To read more non-fiction. I read stacks and stacks of fiction but hardly ever anything else. I’d love to kick things off with a biography of Mary Queen of Scots.

Back up my ambition with productivity. I do a lot of dreaming about what I can achieve work-wise, but get bogged down by my own lack of productivity. Once the kids are back at school I need to start prioritising and stop prevaricating.

To write shorter to-do lists. I never tick everything off mine. Which either means I’m chronically lazy or that they were too long in the first place. I’m hoping it’s the latter.

To lose a stone. It’s not cool to say this, but I would be thrilled to lose a stone. It’s got nothing to do with low self-love and everything to do with the fact that my trousers are too tight.

To consume less. Fast fashion, plastics, everything. 2019 is the year to be strong and really put it into practise. Not easy, especially when my inbox is currently bursting with tempting sales offers.

To eat less meat. This year I’d like the whole family to be about 80% vegetarian and only eat meat a couple of times a week. We already do this most of the time, but I’d like to make it more official. The challenge is finding vegetarian food that appeals to adults and children. Expect to hear more on this subject throughout the year!

Wishing you all a very Happy New Year!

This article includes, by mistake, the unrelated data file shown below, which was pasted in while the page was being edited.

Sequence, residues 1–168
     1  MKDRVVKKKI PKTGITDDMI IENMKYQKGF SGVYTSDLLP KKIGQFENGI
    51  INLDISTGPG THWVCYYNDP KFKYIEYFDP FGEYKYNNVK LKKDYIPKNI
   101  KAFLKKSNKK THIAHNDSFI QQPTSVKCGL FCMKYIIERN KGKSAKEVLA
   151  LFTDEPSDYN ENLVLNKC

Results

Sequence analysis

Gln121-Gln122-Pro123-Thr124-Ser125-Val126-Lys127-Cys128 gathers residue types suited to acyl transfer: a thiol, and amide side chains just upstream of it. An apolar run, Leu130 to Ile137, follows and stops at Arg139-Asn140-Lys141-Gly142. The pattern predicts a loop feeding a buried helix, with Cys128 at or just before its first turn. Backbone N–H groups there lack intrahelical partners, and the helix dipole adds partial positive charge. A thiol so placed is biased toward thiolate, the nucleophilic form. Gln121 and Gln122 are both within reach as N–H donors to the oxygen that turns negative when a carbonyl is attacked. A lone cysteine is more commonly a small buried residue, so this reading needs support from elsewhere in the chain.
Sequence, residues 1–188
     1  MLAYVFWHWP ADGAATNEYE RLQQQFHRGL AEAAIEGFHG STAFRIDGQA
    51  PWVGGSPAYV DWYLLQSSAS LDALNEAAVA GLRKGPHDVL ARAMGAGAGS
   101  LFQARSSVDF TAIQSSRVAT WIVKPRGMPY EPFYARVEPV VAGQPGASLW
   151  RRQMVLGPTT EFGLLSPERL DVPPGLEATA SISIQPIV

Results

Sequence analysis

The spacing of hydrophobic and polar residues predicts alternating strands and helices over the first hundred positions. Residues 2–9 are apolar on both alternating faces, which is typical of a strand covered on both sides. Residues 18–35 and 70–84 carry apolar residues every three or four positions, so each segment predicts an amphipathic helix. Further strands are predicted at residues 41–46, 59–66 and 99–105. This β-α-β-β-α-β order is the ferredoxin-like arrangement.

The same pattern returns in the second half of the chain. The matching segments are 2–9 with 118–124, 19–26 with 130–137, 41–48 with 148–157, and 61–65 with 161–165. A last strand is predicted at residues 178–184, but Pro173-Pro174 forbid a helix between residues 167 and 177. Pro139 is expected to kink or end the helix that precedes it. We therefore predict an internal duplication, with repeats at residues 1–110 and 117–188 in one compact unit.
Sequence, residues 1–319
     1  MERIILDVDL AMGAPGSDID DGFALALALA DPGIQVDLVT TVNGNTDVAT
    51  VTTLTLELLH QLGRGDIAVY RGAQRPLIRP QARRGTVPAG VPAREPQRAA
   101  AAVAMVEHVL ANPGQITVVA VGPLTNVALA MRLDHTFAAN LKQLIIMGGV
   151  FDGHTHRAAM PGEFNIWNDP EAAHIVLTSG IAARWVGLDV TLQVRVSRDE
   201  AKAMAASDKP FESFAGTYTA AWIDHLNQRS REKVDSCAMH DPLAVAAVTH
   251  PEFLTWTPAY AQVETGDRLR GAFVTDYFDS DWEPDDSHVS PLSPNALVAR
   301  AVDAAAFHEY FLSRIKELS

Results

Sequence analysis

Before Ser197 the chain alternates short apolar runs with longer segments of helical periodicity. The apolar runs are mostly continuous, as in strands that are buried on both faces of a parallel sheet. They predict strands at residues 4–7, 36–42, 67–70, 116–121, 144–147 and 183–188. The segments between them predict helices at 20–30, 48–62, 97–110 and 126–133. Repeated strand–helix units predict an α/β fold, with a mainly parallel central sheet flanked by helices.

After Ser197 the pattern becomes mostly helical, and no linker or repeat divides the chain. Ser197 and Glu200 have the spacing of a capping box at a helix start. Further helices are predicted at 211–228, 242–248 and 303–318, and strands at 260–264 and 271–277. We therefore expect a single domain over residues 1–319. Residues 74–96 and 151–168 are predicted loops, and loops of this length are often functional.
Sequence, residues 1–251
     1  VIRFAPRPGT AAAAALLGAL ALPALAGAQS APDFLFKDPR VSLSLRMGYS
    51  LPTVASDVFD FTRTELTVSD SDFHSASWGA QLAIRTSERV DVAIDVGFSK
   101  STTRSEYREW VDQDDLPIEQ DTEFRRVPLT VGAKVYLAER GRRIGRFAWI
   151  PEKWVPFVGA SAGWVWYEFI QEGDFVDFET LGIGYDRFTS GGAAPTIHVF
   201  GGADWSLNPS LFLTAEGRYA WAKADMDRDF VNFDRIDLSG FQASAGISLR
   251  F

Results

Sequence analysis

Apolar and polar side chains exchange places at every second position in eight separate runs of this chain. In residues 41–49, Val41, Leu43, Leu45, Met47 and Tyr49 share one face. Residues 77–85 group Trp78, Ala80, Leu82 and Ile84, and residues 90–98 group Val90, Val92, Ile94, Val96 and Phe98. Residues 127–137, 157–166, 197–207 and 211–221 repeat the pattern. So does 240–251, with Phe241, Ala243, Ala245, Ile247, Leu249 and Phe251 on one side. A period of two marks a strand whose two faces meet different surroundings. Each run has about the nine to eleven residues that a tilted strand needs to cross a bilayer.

Enjoy the simple things this Christmas

Homemade Christmas wreath

Christmas means different things to all of us, but I think we can agree on one thing: it’s the simple things that really matter. Meeting up with old friends and loved ones, a crisp and sunny walk, joining in with some carol singing or a delicious mince pie. So simple, yet so valuable.

Here are just of few of the simple festive pleasures that make me happy….

Make mince pies

Making mince pies… taking the time out to make your own is really rather special. Real pastry isn’t hard to make, although there’s no shame at all in buying a packet of ready made to roll out instead. There’s something very satisfying about cutting out all those little pastry cases and filling them with a spoonful of mincemeat. Turn up your favourite festive songs, and lose yourself in the moment. My favourite mince pie recipe is this one by Nigella.

Make mince pies

Gather some greenery… Even if you don’t have room for a big Christmas tree, you can still make a very good substitute with a few offcuts from your local market. It’ll smell amazing and looks so sweet and simple!

Gather greenery

Brown paper and ribbons… Swap printed wrapping paper for some simple brown packing paper and a selection of lovely ribbons. It’s better for the environment (lots of fancy papers can’t be recycled), plus there’s just something so pleasing about the simple style. I like to go to my local craft shop and choose lots of pretty ribbons. They’re just pennies per metre. My favourite combination is red velvet and brown paper. For an extra touch, add a little sprig of greenery.

Brown paper and ribbons

Go Christmas tree spotting… I love wandering round my town spotting all the pretty Christmas trees in windows. Head out at dusk and finish up at the pub for a glass of something nice, or a cafe for some hot chocolate. It’s a great way to blow away the cobwebs and tire out little people on Christmas Eve!

Christmas Tree